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  • S.F. Bay Area
(Christopher Reynolds / Los Angeles Times)


Why: Unplugged music has a happy history here. 

What: Founded in 1968 when psychedelic rock seemed to be taking over the world, "the Freight" has long stood for quality traditional music. Acts come from all corners of the world (Iraqi oud music, anyone?), but American folk (David Grisman on mandolin, Mark O'Connor on fiddle, Greg Brown on guitar and vocals, Tony Trischka on banjo, et al.) is the most common sound. The coffee house, relocated and greatly expanded from its original digs, stands three blocks west of the Berkeley campus. It operates as a nonprofit, offering blues and bluegrass jam sessions, workshops and one of the oldest open-mic nights in the Bay Area.

Where: 2020 Addison St., Berkeley, 375 miles northwest of downtown L.A.

  • Family-friendly
  • S.F. Bay Area
The 308 steps.
The 308 steps. (Gina Ferazzi / Los Angeles Times)

Why: It's not just the view (although if you get a blue-sky day, you'll never forget that long northerly march of breakers and rugged coast into near-infinity). It's also the sense of isolation and the challenge of hiking down 308 steps, and then up again, while a fierce wind tugs at your arms and legs.  

What: The Point Reyes Lighthouse, which is often foggy when it's not windy, has stood since 1870 at the end of Point Reyes Headlands. It feels like the end of North America. 

These days it's busiest in whale-watching season, from late December through mid-April. Sometimes, park rangers restrict car traffic, so you may need to board a shuttle. Before you reach the visitor center, the observation deck and steps, it's a hike of about half a mile from the small parking lot. Wear layers. (When the wind hits 40 mph, rangers close the steps and lighthouse.)

  • Family-friendly
  • S.F. Bay Area
The view from Battery Spencer, Conzelman Road.
The view from Battery Spencer, Conzelman Road. (Mark Boster / Los Angeles Times)

Why: This road, accessible from Highway 101 just after you cross the Golden Gate Bridge, is only about 5 miles long. But it delivers to you a perspective you can't get anywhere else.

What: Conzelman Road, beloved equally by road cyclists and photographers, climbs into the Marin Headlands. It can take you to at least three great places. One is Battery Spencer, an old military gun placement built in the 19th century to protect the entry to San Francisco Bay. From there you get unparalleled views of the bridge with the city behind it —  especially at dusk.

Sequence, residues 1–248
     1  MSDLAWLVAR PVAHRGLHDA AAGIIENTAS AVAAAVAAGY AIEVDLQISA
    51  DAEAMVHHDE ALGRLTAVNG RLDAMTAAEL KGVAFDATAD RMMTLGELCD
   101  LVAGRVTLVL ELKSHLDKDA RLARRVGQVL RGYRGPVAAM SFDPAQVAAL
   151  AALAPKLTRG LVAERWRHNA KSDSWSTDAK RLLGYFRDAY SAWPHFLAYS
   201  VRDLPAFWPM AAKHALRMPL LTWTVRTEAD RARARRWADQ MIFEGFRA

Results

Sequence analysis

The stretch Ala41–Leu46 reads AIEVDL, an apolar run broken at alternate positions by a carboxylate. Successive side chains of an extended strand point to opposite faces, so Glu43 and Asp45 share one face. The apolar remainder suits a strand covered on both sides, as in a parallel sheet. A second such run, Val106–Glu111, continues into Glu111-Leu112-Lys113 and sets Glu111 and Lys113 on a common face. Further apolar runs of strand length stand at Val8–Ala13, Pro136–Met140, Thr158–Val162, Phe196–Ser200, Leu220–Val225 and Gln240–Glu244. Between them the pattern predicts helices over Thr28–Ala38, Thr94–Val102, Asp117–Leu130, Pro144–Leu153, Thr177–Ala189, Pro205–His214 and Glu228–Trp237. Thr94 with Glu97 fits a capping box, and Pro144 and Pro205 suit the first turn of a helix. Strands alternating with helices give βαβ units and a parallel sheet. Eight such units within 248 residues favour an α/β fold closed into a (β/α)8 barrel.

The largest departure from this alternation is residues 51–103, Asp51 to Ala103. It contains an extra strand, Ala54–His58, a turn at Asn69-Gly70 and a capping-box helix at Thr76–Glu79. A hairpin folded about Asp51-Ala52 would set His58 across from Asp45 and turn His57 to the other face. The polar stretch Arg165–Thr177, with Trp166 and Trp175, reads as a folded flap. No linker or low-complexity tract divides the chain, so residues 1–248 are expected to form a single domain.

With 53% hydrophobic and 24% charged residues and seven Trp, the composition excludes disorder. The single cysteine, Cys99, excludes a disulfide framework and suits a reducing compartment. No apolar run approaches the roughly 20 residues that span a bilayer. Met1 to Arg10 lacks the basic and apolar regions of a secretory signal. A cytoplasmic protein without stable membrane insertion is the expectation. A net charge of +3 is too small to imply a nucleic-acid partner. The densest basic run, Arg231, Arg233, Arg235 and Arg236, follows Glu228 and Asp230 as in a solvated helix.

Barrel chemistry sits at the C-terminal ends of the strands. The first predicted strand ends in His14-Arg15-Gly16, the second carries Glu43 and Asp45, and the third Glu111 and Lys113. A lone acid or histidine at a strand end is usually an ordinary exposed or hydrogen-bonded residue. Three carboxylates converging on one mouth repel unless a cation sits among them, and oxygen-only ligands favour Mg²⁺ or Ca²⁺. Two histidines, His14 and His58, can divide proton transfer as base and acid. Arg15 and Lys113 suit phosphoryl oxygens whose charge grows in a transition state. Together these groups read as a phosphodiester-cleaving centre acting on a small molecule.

(Christopher Reynolds / Los Angeles Times)

Another highlight, farther up the road, is Hawk Hill, a viewpoint near the top of the headlands that's a favorite with bird-watchers and whale-watchers. And then near the road's end is the Point Bonita Lighthouse (built in 1855, open Saturday, Sunday and Mondays afternoons), clinging to a wave-lashed seacliff. All three spots require some walking, but all the paths are less than a mile.

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  • Family-friendly
  • L.A. County
The SkySlide.
The SkySlide. (Brian van der Brug / Los Angeles Times)

Why: Its nearly 1,000-foot-high observation deck gives you one of the most jaw-dropping views in Los Angeles.

What: In June 2016, OUE Skyspace LA opened its doors to the public, offering California’s tallest open-air observation deck. It sits atop US Bank Tower, now the second tallest building in Los Angeles. Besides the views outdoors (especially after dark), the attraction offers several striking visual effects, including wide-screen, time-lapse videos of the city and a floor monitor that seems to show a kaleidoscopic view down a virtual elevator shaft. 

Thrill-seekers will also be eager to try SkySlide, a glass slide that offers a one-of-a-kind, 45-foot-long ride from the 70th floor down to the 69th. It takes less than 10 seconds.

  • Family-friendly
  • S.F. Bay Area
(Christopher Reynolds / Los Angeles Times)

Why: Green expanses, games, Golden Gate views, revived historic buildings, all sorts of food trucks.

What: The Presidio covers about 1,500 grassy and woodsy acres near the base of the Golden Gate Bridge. On Sundays from mid-March through October, a group called Off the Grid stages a family-friendly Presidio Picnic on the old parade grounds, drawing hundreds or thousands of people with dozens of food trucks, games, arts and crafts from 11 a.m. to 4 p.m. On Thursday nights (roughly April through October), Twilight at the Presidio offers a similar set-up with a pop-up bar, cabanas, temporary fire pits and live music.

(Christopher Reynolds / Los Angeles Times)

Since the Army handed over the property to the National Park Service, the Presidio Trust and the Golden Gate National Parks conservancy in 1994, recreation options have been multiplying. While you're in the Presidio, you could check out the visitor center (opened in early 2017) or the old Officers' Club, now filled with exhibits on the site's history since Spanish soldiers set up shop here in the late 18th century.